Astronomers Puzzled After Hubble View of Torrential Outflows From Infant Stars Blows Hole in Current Theories
These four images taken by NASA’s Hubble Space Telescope reveal the chaotic birth of stars in the Orion complex, the nearest major star-forming region to Earth. The protostars were photographed in near-infrared light by Hubble’s Wide Field Camera 3. The images were taken November 14, 2009, and January 25, February 11, and August 11, 2010.
Credit: NASA, ESA, STScI, N. Habel and S. T. Megeath (University of Toledo)
Study Finds That Cavities Sculpted by Stellar Outflows Did Not Expand Over Time
Stars aren’t shy about announcing their births. As they are born from the collapse of giant clouds of hydrogen gas and begin to grow, they launch hurricane-like winds and spinning, lawn-sprinkler-style jets shooting off in opposite directions.
This action carves out huge cavities in the giant gas clouds. Astronomers thought these stellar temper tantrums would eventually clear out the surrounding gas cloud, halting the star’s growth. But in a comprehensive analysis of 304 fledgling stars in the Orion Complex, the nearest major star-forming region to Earth, researchers discovered that gas-clearing by a star’s outflow may not be as important in determining its final mass as conventional theories suggest. Their study was based on previously collected data from NASA’s Hubble and Spitzer space telescopes and the European Space Agency’s Herschel Space Telescope.
The study leaves astronomers still wondering why star formation is so inefficient. Only 30% of a hydrogen gas cloud’s initial mass winds up as a newborn star.
Though our galaxy is an immense city of at least 200 billion stars, the details of how they formed remain largely cloaked in mystery.
Scientists know that stars form from the collapse of huge hydrogen clouds that are squeezed under gravity to the point where nuclear fusion ignites. But only about 30 percent of the cloud’s initial mass winds up as a newborn star. Where does the rest of the hydrogen go during such a terribly inefficient process?
It has been assumed that a newly forming star blows off a lot of hot gas through light-saber-shaped outflowing jets and hurricane-like winds launched from the encircling disk by powerful magnetic fields. These fireworks should squelch further growth of the central star. But a new, comprehensive Hubble survey shows that this most common explanation doesn’t seem to work, leaving astronomers puzzled.
Researchers used data previously collected from NASA’s Hubble and Spitzer space telescopes and the European Space Agency’s Herschel Space Telescope to analyze 304 developing stars, called protostars, in the Orion Complex, the nearest major star-forming region to Earth. (Spitzer and Herschel are no longer operational.)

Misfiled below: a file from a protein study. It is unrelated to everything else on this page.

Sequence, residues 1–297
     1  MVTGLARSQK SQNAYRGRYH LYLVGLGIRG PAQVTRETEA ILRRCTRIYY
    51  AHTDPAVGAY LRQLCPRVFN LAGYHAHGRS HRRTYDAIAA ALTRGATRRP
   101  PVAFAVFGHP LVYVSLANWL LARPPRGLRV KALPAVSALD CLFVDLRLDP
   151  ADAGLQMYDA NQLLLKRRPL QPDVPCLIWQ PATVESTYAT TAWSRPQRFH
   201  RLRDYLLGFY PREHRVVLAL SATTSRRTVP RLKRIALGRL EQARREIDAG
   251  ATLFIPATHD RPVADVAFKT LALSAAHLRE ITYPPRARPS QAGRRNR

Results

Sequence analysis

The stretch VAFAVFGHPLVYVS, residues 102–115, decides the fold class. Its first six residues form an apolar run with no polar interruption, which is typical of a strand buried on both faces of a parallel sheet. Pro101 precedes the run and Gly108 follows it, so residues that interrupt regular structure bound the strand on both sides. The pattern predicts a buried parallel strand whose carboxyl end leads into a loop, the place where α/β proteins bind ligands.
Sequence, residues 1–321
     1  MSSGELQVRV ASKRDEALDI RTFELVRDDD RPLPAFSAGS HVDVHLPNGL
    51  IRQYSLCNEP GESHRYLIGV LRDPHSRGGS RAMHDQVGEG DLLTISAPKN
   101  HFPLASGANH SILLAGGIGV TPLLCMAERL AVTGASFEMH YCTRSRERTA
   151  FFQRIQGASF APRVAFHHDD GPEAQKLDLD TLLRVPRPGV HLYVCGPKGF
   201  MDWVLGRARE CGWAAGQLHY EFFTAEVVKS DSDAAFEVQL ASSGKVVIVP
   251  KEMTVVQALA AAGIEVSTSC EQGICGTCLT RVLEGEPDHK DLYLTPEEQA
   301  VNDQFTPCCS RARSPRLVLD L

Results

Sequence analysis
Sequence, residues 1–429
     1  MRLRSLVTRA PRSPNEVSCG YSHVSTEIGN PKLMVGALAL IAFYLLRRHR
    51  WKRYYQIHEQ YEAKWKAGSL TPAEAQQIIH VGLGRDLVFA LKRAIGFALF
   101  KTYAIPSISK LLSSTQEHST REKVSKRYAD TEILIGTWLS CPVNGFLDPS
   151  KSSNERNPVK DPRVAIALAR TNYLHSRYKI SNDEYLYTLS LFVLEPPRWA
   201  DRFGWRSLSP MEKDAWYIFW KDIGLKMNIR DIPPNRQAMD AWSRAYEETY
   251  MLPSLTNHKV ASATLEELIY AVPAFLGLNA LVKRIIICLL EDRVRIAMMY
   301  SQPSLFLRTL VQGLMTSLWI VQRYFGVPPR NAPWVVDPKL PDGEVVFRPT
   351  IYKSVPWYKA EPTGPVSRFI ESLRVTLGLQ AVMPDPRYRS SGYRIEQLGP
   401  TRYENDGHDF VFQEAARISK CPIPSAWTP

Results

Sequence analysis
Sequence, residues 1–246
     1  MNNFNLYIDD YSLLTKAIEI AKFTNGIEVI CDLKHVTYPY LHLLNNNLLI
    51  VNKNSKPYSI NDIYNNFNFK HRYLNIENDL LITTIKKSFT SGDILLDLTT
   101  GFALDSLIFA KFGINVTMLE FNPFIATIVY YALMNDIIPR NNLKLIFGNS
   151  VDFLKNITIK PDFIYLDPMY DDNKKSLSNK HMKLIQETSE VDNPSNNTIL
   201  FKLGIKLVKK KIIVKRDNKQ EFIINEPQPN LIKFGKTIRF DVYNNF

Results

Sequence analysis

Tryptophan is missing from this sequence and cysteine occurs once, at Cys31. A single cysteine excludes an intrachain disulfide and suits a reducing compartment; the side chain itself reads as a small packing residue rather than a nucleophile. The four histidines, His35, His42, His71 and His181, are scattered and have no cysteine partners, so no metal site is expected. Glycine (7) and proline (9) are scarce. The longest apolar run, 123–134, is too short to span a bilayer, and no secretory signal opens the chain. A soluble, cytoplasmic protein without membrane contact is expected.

In this largest-ever survey of nascent stars to date, researchers are finding that gas — clearing by a star’s outflow may not be as important in determining its final mass as conventional theories suggest. The researchers’ goal was to determine whether stellar outflows halt the infall of gas onto a star and stop it from growing.
Instead, they found that the cavities in the surrounding gas cloud sculpted by a forming star’s outflow did not grow regularly as they matured, as theories propose.
“In one stellar formation model, if you start out with a small cavity, as the protostar rapidly becomes more evolved, its outflow creates an ever-larger cavity until the surrounding gas is eventually blown away, leaving an isolated star,” explained lead researcher Nolan Habel of the University of Toledo in Ohio.
“Our observations indicate there is no progressive growth that we can find, so the cavities are not growing until they push out all of the mass in the cloud. So, there must be some other process going on that gets rid of the gas that doesn’t end up in the star.”
The team’s results will appear in an upcoming issue of The Astrophysical Journal.
A Star is Born
During a star’s relatively brief birthing stage, lasting only about 500,000 years, the star quickly bulks up on mass. What gets messy is that, as the star grows, it launches a wind, as well as a pair of spinning, lawn-sprinkler-style jets shooting off in opposite directions. These outflows begin to eat away at the surrounding cloud, creating cavities in the gas.
Popular theories predict that as the young star evolves and the outflows continue, the cavities grow wider until the entire gas cloud around the star is completely pushed away. With its gas tank empty, the star stops accreting mass – in other words, it stops growing.
To look for cavity growth, the researchers first sorted the protostars by age by analyzing Herschel and Spitzer data of each star’s light output. The protostars in the Hubble observations were also observed as part of the Herschel telescope’s Herschel Orion Protostar Survey.
Then the astronomers observed the cavities in near-infrared light with Hubble’s Near-infrared Camera and Multi-object Spectrometer and Wide Field Camera 3. The observations were taken between 2008 and 2017. Although the stars themselves are shrouded in dust, they emit powerful radiation which strikes the cavity walls and scatters off dust grains, illuminating the gaps in the gaseous envelopes in infrared light.